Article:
7. I realize that in the article in the BYU paper today, http://universe.byu.edu/node/3806, that the womens studies program will dissolve and the minor will be a part of the Family, Home and Living program? This disregard the hard work women have put in to have the WRI, not to mention that the Emmeline Wells grant to be open to any academia, not just those under the WRI umbrella. Isn’t the purpose of the WRI to enhance the quality of education/family and the individual? Women are not yet at the point where it can be categorized into home and family living. We still need to empower one another! I just wrote a letter to the heads of BYU, my stake president, wrote a letter to the editor of the BYU Daily Universe and sent emails to a professor I had at BYU Hawaii in womens’ studies and will get a petition started for the Portland, Oregon area. Any other ways to keep the WRI?

  8. RoseGirl says:

    The Salt Lake Trib has an article out now on the closure. Put some comments with it.

  9. kmillecam says:

    Just wrote to Pres. Samuelson, John Tanner, and put it all on Facebook. Hoping to hear back from someone. I also made it clear in both emails that I would be withholding financial contributions until the situation was rectified. I had a really good experience at BYU, so I hope they take my opinion seriously.

  10. Michelle says:

    I am so upset with this. I have to be a Debbie Downer and point out that BYU last year shut down its Social Work Major despite opposition. I certainly don’t mean to quell anyone’s desire to try, but it sure seems as if once BYU makes its decision to shut something down the decision is made come hell or high water. They’ll never admit they made a mistake. It is sickening…something about unrighteous dominion…if only I could ask that my tithing not be forwarded to BYU.

  11. Kathleen Koltko-Rivera says:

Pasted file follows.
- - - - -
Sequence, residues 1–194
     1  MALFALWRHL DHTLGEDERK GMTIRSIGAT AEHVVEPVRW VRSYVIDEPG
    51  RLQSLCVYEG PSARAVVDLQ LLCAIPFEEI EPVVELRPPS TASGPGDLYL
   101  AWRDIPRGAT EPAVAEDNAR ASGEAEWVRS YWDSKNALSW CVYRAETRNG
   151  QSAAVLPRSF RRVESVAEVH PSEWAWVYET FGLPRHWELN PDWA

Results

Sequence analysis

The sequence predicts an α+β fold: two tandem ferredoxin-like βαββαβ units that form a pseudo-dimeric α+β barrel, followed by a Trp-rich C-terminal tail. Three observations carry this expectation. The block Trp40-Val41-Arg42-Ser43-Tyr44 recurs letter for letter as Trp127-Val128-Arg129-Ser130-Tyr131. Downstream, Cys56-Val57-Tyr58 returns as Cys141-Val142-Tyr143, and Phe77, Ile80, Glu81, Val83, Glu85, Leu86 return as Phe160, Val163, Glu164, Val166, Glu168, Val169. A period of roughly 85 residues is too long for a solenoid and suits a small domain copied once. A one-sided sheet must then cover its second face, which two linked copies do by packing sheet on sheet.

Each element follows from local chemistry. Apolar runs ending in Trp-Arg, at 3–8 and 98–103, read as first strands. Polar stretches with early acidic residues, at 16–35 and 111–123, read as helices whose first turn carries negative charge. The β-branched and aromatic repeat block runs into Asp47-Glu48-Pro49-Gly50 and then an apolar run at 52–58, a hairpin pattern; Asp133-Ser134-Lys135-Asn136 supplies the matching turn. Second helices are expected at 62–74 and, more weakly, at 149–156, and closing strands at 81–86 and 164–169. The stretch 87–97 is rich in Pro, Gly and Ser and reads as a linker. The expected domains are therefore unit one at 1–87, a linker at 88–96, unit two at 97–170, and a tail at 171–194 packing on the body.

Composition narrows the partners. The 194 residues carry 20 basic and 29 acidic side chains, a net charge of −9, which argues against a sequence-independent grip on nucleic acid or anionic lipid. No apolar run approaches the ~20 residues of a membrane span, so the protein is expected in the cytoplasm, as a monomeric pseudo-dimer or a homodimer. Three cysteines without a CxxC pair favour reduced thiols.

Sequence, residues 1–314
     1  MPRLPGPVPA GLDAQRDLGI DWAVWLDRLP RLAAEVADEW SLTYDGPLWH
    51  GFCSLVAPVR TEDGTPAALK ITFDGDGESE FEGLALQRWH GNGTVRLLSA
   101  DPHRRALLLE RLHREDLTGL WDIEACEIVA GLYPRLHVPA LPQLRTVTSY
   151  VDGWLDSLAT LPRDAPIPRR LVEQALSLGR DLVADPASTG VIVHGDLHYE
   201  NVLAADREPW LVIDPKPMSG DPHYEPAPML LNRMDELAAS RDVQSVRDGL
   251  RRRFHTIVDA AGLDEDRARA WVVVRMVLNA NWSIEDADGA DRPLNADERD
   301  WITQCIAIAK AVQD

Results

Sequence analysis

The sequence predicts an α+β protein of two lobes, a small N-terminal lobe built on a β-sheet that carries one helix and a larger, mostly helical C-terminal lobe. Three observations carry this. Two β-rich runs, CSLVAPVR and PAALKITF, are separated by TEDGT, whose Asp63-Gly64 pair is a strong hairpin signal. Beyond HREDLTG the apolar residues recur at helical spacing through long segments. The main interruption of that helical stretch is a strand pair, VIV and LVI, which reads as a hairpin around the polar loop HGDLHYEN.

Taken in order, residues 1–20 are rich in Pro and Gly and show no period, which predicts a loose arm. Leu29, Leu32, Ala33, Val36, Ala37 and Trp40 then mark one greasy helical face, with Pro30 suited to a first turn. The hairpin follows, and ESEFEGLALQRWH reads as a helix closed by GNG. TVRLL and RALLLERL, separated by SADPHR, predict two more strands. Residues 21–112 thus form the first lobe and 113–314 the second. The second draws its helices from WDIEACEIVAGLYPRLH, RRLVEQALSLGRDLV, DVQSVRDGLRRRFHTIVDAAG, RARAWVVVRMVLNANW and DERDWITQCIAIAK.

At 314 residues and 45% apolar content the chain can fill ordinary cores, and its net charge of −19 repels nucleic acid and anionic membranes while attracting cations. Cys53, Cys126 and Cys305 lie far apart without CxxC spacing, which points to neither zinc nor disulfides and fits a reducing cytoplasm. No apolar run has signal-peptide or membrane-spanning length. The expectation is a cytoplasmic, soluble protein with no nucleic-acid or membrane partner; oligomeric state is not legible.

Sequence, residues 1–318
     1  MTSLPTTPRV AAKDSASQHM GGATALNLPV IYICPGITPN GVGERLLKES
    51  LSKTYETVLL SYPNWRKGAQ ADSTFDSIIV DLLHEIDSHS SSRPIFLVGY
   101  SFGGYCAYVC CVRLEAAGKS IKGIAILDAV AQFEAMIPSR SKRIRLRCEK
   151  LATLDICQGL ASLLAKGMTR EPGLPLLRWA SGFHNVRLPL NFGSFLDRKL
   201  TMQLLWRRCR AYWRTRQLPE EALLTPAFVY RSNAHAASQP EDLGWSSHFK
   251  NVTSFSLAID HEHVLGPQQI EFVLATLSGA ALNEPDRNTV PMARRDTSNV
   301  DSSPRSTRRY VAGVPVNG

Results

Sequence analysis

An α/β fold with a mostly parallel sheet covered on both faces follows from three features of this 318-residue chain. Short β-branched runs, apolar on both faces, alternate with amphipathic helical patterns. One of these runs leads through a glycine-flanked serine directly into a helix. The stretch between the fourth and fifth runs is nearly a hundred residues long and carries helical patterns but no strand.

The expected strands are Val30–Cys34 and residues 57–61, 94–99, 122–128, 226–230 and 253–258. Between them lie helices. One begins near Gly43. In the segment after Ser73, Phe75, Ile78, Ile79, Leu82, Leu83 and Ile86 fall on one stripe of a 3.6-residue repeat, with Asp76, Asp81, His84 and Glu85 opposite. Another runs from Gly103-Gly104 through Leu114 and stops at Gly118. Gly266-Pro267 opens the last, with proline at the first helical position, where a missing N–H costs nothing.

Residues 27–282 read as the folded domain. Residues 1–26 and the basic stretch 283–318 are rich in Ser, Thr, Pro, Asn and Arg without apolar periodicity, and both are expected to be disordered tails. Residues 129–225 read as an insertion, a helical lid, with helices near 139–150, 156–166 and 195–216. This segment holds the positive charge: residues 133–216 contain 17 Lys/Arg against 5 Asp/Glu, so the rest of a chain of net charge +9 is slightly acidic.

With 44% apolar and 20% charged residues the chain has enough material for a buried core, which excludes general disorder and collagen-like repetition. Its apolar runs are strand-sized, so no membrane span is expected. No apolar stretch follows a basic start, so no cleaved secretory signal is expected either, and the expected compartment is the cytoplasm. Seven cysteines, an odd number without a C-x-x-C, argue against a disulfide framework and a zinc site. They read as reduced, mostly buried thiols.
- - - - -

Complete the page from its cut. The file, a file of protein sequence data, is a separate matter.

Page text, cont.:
Right on target and well said. This is a tragedy.

  12. suzann werner says:

    mraynes,
    Thank you for alerting us to this current tragedy about to be inflicted upon the Women’s Research Center at BYU. Where I think it is important to try to save the women’s program from being assimilated into male dominated programs, I see no reason to believe women’s voices will be heard in this matter, or in any matter- ever.
    In order to emotionally survive all the male dominance in the church, I quietly accept what is happening, then focus my creative energy elsewhere. Because I am able to grow in positive ways outside the church, I have more to contribute in the church.

  13. kmillecam says:

    suzann, that comment just broke my heart wide open. sigh.

  14. Kelly Ann says:

    I wish I would have known their was a women’s studies minor. Not that I would have ventured anywhere near the social sciences …

    Mraynes, thank you for sharing your experience and perspective and passion. I told a friend about it today who went to a women’s college. She was appalled.

    I’ll try to be optimistic though and think some good could come from it but that is hard to do when it doesn’t make sense. I often thought if I was to teach I’d like to go to BYU to be a feminist faculty. However, I think it would be a hard place to be (besides the culture of living in Utah Valley).

    For the very least, I hope some good comes from the discussion surrounding this and that maybe Mormon feminism will get some light especially if the intent is to quell it.

  15. Sofia says:

    I just have to say again that I feel like BYU has no right to “quell” or quiet Mormon Feminism, especially in the church culture where we need to feel empowered and respected, in order to fulfill our unique individual potentials.

    I am going to mention this in Relief Society on Sunday and pass around a signature page, along with a statement… Anyone know someone who works at the WRI now or in the past?